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Tarleton State University just announced its newest football schedule, and as The Flash Today sports editor Brad Keith wrote, the Texan football team is in for a brutal road stretch as they try to improve upon their 5-5 season from a year ago.
One thing for certain – every night game the Texans play on the road will be under better lighting than at their home stadium.
Improvements are a big thing for Tarleton, with new residence halls popping up and well over $220 million in capital improvements on the way over the next five years. In recent years Tarleton has enjoyed many new improvements, yet still has one of the worst lit football stadiums in the state.
What? Surely a college has better lighting than, let’s say, Hico, right?
Okay, how about six-man teams like Zephyr and Gordon?
Nope and nope.
In fact, those two six-man schools have better lights than all the rest above. Obviously, I have not been to every football stadium in Texas, but in 30 years of covering high school football, Tarleton’s Memorial Stadium is still the “winner” for having the worst lighting.
Worst as in football stadiums in Dublin and Hico have three times the amount of lumens that Tarleton does. I have been running around with a camera and light meter all those years – I can show you the data.
We are going to have the worst lighting again this year as things in the budget get rearranged and all the small pieces of the puzzle come together in making long-term goals for the university.
“Next year,” is what I am hearing again, and I have been hearing “next year” since before Art Briles won his first state championship at Stephenville High School.
I understand there is a budget and, due to unexpected growth, plans have to change. But changing/improving your lights at your football stadium shouldn’t mean you climb the poles and put in new light bulbs (I am almost sure a couple of the current bulbs were around during the first state title run) once every few years.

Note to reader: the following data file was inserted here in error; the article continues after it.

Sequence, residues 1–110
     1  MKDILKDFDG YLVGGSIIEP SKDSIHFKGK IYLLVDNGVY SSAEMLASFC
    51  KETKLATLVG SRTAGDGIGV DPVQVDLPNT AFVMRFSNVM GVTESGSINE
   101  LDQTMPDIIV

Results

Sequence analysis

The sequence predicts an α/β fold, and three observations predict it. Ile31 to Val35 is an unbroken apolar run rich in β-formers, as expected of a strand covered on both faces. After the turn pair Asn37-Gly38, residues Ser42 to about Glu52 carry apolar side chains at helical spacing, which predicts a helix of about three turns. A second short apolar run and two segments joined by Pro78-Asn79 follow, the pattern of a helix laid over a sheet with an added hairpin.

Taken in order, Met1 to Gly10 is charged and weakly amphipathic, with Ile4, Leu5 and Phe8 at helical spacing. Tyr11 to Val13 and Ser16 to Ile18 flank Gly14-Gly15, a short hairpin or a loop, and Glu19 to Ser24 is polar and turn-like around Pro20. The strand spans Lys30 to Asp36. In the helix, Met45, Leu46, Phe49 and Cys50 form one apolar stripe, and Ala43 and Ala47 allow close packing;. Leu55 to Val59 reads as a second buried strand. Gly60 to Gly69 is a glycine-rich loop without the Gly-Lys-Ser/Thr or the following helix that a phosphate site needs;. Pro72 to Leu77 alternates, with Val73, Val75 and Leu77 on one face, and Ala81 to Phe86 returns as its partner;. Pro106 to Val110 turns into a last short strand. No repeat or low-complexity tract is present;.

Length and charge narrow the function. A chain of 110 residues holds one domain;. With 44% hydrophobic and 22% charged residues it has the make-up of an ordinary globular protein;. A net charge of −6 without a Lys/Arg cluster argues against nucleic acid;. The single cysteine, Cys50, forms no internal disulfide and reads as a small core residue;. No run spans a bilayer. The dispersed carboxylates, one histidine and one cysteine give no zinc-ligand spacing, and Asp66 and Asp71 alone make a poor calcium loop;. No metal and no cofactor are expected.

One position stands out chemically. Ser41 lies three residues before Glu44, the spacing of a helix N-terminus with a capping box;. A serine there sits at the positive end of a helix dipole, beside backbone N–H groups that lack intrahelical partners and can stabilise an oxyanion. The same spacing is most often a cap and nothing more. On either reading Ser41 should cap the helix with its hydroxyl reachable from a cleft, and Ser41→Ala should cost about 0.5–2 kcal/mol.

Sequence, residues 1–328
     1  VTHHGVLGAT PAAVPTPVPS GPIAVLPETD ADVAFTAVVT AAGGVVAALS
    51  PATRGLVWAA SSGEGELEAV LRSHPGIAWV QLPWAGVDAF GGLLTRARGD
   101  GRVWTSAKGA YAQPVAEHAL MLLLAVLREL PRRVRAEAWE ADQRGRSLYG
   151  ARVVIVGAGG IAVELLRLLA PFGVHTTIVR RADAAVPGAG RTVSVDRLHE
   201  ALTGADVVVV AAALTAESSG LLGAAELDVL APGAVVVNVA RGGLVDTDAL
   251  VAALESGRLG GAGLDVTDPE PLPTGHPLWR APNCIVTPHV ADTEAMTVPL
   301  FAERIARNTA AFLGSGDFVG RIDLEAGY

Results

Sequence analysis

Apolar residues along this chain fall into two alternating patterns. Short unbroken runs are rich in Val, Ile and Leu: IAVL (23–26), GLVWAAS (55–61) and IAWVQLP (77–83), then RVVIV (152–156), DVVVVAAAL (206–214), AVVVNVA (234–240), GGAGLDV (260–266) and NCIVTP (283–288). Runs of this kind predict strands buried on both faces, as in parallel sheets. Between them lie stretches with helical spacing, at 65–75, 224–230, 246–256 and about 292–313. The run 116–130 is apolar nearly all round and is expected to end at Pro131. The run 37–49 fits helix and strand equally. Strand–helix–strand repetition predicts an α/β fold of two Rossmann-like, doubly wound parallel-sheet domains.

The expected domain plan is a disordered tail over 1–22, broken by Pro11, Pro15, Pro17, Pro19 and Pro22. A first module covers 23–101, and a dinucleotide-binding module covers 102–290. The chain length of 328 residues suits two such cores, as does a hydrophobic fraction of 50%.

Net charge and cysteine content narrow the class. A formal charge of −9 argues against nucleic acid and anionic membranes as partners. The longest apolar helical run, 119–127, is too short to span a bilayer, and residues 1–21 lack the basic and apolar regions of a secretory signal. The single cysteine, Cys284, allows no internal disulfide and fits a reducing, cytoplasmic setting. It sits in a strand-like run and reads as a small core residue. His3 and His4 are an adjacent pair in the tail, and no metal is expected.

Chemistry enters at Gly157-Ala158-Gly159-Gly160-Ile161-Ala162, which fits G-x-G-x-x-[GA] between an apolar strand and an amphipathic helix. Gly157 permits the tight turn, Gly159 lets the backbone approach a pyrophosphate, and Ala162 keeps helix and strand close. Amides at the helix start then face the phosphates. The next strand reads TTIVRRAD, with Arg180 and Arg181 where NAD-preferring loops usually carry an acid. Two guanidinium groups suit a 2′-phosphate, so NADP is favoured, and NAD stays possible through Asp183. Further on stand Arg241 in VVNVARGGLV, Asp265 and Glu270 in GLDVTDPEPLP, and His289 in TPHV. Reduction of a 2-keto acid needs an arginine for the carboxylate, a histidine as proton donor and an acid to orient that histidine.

Maybe this will help. We have a state-power football team and a college team inches away from the NCAA Division II playoffs, and the intramural softball teams at Tarleton play under better lighting. Basically, it means the intramural teams play under safer conditions than school teams.
Memorial Stadium is not only poorly lit it; it’s lit unevenly. Tarleton’s end zones easily have 30 percent less light than other parts of the field. Ask any receiver who has played at Tarleton versus “anywhere else.” Ask them about going down into the “pit” and looking for a ball. Of course, if you are a receiver who has dropped a potential touchdown there, you can now insert your excuse.
Dragging in massive trucks with attached stadium lights are the only hopes of television channels like ESPN coming to town to broadcast games.
With maybe one playoff football game a year, Stephenville and Tarleton are missing opportunities in both the areas of economics and recruiting. Tarleton State University, with its location, should be a football hub with playoff games being booked here at least four rounds deep into the playoffs.
There are not many occasions that bring a young person and their entire family to town from a 100 or more miles away and hold them right there in the heart of your university for more than three hours. Now, of course, the youngsters in the band, cheering or playing football can always later describe the action for those who couldn’t see the touchdown. This is only a slight exaggeration.
I love Tarleton football, and I very much appreciate the hard work and dedication of the planners and doers at TSU. But guys, the time has come to stop putting it off and get things done, starting with the lights.
I know it’s all on the drawing board and unprecedented growth calls for certain measures, but our Friday and Saturday night “jewel” doesn’t shine the way others do – not even close. This isn’t about daydreams but a “field of dreams,” where if you build it – and “light” it – they will come.
So, for now, I am off the soapbox and back to patiently waiting for next year.
Just a note — If I pass away before “next year,” maybe someone will be kind enough to draw me a small plaque with a Sharpie marker on one of the light poles with the saying “Russell Huffman – although dim, he attempted to light the way.”
Russell Huffman is chief roust-about and step-and-fetch-it at The Flash Today. His previous work includes both print and broadcast journalism with awards from the Texas Press Association for news writing and photography. A former Army officer, Russell earned his commission through the Tarleton State University ROTC program. Views expressed in this column are his and do not reflect those of The Flash as a whole. To contact Russell, do so at email@example.com.